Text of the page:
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Khwaja Kamal-ud-Din

Opinion of Rais Ahmad Jafari
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Khwaja Kamal-ud-Din —
a hidden saint and an apparent kafir

Opinion of Rais Ahmad Jafari

Hai wali posheedah aur kafir khulaa — Urdu poet Ghalib

The extract below is translated from the Urdu book Deed-o-Shuneed — A Collection of Personal Impressions about People (What I saw and heard) by Rais Ahmad Jafari, published by Rais Ahmad Jafari Academy, 1B, 5 Mi‘maar Terrace, Gulshan-i Iqbal No.1, Karachi, pp. 120, 121, Second edition 1987. In the 1948 edition this extract appears on pages 160–163.

In 1924 the Annual Conference of Nadwatul Ulama was held at Lucknow with much pomp and splendour. Maulana Habib-ur-Rahman Khan Sherwani, the Nawab Sadr Yar Jang Bahadur of Hyderabad Deccan, came especially to preside over the Conference. Students of the Nadwatul Ulama had played a significant role in the Khilafat movement and the All-India Congress Party. That was why a considerable number of political leaders also graced the occasion. Maulana Shaukat Ali, “the lion of Islam”, was conspicuous among them.

I was a student of Grade 1 of the Nadwah. Annual examinations had just ended and the younger students were allowed to avail the vacations and go home. But the lure of the Conference was so overwhelming that I did not go home and remained in Nadwah till the end of the Conference.

I was standing in the side verandah of the hall when a friend of mine said to me: Let us go and listen to the lecture of Khwaja Kamal-ud-Din. I immediately went along with him. On the stage there was a handsome, imposing man delivering a fine speech. His voice was so loud and resounding that even at the back of the hall each and every word of his speech could be heard. His face was quite full and he had a black beard. Instead of the typical Muslim style pajamas (trousers) and achkan (long coat), he was wearing a coat and on his head he had a turban with tassels. The speech on “The Propagation of Islam” was so impressive and convincing that everyone was listening to it attentively with amazement.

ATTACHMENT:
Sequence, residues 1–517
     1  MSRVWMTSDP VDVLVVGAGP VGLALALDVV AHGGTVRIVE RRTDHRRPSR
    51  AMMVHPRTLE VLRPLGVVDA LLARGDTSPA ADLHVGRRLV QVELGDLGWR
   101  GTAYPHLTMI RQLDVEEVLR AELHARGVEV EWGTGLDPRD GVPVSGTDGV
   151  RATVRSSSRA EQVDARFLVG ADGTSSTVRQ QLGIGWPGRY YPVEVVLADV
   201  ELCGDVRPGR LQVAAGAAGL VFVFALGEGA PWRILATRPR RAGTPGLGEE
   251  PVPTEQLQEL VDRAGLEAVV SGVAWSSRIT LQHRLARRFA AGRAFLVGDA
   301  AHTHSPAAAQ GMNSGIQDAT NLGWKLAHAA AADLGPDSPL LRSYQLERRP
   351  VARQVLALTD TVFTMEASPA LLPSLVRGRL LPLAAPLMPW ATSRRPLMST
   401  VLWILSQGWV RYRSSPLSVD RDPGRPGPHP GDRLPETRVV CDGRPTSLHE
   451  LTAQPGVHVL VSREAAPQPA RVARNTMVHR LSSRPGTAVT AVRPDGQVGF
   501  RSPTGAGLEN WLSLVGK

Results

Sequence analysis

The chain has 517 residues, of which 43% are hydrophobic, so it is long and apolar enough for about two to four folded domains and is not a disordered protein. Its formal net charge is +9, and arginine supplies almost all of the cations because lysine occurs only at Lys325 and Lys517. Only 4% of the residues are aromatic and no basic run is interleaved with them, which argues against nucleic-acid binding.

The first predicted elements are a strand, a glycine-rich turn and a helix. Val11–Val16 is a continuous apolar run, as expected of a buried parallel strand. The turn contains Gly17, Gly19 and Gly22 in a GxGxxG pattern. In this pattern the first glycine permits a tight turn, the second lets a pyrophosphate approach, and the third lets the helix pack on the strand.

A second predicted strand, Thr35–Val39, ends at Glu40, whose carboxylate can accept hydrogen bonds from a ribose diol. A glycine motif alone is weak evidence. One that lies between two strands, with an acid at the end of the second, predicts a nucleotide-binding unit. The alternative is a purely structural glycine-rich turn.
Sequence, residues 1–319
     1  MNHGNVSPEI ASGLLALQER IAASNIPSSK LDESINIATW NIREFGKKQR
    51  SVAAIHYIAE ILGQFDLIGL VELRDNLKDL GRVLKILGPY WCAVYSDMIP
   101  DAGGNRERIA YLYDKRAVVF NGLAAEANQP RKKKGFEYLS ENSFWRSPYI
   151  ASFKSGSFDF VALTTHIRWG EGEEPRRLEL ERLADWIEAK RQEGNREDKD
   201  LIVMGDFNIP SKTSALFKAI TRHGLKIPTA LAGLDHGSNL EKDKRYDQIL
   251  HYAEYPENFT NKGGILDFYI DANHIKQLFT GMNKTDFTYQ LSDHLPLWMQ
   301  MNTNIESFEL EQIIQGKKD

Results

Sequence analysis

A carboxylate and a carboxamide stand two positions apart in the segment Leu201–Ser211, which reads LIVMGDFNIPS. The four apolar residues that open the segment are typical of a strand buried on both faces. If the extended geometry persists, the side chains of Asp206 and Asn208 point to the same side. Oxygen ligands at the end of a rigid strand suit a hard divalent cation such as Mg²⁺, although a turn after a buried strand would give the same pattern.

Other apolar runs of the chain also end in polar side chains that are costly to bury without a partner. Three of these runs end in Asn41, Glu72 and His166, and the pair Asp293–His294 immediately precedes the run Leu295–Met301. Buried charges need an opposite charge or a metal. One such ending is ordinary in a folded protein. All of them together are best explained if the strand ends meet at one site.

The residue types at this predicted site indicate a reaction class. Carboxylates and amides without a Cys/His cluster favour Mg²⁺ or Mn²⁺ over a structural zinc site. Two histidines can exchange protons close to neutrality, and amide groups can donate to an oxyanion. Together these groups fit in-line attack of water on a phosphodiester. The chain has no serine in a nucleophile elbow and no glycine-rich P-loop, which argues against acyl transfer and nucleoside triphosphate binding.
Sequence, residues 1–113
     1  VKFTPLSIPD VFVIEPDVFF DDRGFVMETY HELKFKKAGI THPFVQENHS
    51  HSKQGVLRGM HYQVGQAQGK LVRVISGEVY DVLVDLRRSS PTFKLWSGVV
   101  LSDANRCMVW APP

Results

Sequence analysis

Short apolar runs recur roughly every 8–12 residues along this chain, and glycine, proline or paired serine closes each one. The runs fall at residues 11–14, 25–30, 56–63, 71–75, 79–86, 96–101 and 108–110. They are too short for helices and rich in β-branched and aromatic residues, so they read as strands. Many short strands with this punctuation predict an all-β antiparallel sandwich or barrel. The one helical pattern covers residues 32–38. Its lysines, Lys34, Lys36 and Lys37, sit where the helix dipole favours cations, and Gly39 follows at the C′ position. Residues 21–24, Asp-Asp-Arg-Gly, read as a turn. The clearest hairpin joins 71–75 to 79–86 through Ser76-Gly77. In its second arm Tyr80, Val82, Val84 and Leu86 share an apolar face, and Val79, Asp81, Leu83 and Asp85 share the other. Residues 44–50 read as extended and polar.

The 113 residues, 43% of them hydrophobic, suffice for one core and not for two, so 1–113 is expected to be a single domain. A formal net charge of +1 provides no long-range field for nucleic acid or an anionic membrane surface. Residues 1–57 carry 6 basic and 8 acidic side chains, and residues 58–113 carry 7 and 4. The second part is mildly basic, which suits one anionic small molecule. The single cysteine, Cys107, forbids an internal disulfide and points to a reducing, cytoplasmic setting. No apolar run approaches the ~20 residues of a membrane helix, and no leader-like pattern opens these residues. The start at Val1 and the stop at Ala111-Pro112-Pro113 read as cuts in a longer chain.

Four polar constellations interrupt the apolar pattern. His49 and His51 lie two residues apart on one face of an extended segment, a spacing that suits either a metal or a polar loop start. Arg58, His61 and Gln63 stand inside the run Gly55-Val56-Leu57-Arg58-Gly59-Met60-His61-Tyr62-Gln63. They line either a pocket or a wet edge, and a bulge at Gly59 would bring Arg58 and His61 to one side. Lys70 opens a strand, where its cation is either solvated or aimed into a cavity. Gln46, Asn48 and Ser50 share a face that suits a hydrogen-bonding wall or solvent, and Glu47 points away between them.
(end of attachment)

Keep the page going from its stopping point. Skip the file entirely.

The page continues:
The general impression about Qadianis is that they are kafirs (unbelievers). The Khwaja sahib also belonged to the same Movement. It was a matter of wonder how the heart of a kafir had so much sympathy for Islam, such great fervour for the preaching of Islam and such tremendous enthusiasm for the propagation of Islam. Later I came to know that the Khwaja sahib had already set up a permanent centre in England for the propagation of Islam, and many people in Europe had entered the fold of Islam through him. He was also publishing a magazine in English and its Urdu version was published monthly under the title Isha‘at-i Islam from Lahore. Later I also learnt that he is a member of the Ahmadiyya Community which does not believe Mirza Ghulam Ahmad sahib to be a prophet but only a Mujaddid. Anyhow the more I came to know about his Islamic activities the more his respect and estimation increased in my heart. I never accepted for a moment that, God forbid, he was a kafir, although most people considered him a kafir and firmly refused to accept him as a Muslim.

I never saw the Khwaja sahib again after this. However, I witnessed an incident of his life which I still remember and probably will remember forever.

After the speech of the Khwaja sahib, the Conference was adjourned to the next day. All the guests went to their respective rooms. One room was reserved for the Khwaja sahib and he went to his room. At the end of the session I was roaming about and passed by the Khwaja sahib’s room. There was complete silence; no one was in the gallery except me. I saw the Khwaja sahib all alone offering his ‘asr prayer. I have seen all kinds of people offering their prayers, great and small, learned and uneducated. But witnessing the concentration, absorption, humility and submissiveness with which the Khwaja sahib was offering his prayer made a deep impact on my heart and created an indelible impression which still exists even today.

The definition of prayer [in Hadith — Editor] is that the person offering it should feel as if he is seeing God, or if not then at least he should have the feeling that God can see him. It was clearly evident from the Khwaja sahib’s prayer that he was feeling as if he was seeing God. Without this feeling, that state of concentration, absorption, humility and submissiveness cannot be attained, of which the Khwaja sahib was a visual embodiment.

It is possible that some people still consider him a kafir, but my heart carries a deep impression of his practice of Islam which even vicissitudes of time could not efface.

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